Yet Khamenei's threatening posture towards the election's critics has not curbed the street protests; even a large security presence and the intimidatory tactics of the basij militias could not prevent people continuing to assemble over the weekend of 20-21 June. The number being killed, though still small, is rising;  if there is more official violence towards protestors, the pressure on the regime from inside and outside will increase.

    Ayatollah Khamenei continues to support Mahmoud Ahmadinejad because he is convinced that the "enemies" of the Islamic republic are threatening its existence;  that "resistance" to these is essential; and that the president and his allies represent the strongest current in this regard.  He argues that the current government's "assertiveness" produces results; Mohammad Khatami's policy of relaxation of tension with the west during his presidency (1997-2005) resulted in Iran being labelled part of an "axis of evil", whereas the firm policies of the post-2005 administration have now produced calls in Washington for talks with Iran.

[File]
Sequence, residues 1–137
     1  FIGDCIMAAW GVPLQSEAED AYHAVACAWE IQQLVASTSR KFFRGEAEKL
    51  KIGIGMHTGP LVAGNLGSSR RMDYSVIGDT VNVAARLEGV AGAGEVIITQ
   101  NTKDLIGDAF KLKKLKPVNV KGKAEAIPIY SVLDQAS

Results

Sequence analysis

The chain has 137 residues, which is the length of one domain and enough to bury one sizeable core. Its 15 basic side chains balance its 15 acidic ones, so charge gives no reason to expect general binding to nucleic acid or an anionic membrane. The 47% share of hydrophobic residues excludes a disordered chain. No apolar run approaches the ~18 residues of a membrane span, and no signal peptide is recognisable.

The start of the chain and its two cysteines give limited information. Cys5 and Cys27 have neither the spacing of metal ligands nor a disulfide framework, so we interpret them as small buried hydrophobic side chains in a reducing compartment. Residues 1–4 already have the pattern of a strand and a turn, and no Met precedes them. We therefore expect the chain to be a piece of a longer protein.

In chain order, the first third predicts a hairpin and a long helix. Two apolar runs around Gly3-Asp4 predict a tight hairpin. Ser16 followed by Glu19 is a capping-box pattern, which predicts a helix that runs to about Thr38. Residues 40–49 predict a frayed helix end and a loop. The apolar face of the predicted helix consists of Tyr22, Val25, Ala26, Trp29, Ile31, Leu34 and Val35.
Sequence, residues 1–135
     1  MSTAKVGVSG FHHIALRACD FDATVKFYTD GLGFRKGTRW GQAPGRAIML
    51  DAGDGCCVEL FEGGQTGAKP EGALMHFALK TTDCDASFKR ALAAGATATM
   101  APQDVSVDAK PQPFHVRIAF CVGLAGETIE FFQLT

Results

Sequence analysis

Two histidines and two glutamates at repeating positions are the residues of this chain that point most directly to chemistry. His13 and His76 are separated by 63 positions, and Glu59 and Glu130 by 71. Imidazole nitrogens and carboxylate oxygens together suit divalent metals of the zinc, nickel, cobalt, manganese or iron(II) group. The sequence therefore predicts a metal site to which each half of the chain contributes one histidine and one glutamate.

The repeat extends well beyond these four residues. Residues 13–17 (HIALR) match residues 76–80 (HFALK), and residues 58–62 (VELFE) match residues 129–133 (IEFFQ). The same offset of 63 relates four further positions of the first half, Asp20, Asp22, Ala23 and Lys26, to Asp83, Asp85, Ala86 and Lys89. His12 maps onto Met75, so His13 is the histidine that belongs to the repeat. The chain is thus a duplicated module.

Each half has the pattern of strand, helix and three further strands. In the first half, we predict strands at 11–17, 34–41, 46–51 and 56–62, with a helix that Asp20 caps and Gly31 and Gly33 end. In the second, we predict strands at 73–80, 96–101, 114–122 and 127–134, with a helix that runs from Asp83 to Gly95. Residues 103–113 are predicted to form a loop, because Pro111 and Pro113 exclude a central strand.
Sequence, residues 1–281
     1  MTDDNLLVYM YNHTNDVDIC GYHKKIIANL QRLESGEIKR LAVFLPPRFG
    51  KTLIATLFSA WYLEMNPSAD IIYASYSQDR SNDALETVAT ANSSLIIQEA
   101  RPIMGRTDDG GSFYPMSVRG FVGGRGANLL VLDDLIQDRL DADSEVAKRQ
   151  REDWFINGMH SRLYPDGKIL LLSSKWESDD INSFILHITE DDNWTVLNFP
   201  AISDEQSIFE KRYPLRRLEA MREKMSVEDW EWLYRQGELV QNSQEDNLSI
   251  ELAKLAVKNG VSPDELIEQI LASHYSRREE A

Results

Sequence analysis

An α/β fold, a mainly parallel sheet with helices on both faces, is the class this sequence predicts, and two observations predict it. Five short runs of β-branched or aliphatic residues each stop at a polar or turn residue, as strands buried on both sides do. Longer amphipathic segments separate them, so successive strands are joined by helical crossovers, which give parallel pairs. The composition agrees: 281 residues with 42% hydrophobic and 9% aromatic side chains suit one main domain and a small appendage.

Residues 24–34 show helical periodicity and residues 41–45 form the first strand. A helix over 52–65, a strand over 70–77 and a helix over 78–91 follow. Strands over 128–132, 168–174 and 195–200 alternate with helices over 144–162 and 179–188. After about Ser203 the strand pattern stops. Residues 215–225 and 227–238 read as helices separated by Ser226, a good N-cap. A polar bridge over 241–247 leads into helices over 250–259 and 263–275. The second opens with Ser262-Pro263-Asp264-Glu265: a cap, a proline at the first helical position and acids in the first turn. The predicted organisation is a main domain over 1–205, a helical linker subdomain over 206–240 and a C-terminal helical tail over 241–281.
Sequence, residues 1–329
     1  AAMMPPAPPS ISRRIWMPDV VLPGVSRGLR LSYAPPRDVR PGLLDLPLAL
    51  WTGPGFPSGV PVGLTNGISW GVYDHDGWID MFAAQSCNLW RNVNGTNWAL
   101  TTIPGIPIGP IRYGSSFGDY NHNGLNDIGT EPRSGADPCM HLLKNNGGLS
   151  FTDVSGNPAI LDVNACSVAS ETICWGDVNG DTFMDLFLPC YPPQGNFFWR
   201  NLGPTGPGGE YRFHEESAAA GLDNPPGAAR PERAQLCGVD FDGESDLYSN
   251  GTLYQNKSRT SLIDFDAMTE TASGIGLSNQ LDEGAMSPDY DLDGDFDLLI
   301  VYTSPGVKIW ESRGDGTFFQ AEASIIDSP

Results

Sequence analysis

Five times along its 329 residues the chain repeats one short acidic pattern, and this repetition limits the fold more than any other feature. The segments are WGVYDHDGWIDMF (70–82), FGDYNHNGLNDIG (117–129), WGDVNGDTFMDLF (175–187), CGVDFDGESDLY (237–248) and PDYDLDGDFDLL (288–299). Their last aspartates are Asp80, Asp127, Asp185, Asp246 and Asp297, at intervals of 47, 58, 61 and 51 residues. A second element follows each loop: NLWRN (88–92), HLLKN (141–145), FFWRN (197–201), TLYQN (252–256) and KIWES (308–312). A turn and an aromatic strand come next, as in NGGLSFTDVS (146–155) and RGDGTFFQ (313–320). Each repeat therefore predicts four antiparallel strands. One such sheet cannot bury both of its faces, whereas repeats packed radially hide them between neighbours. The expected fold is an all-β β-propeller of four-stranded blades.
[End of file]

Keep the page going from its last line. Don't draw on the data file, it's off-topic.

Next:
The logic is that the reformers' refusal to recognise the threats posed by the west and its values make them in effect "domestic enemies" who pose dangers to the very existence of the Islamic Republic. The needs of the state demand that reformists such as Mir-Hossein Moussavi are prevented from returning to power.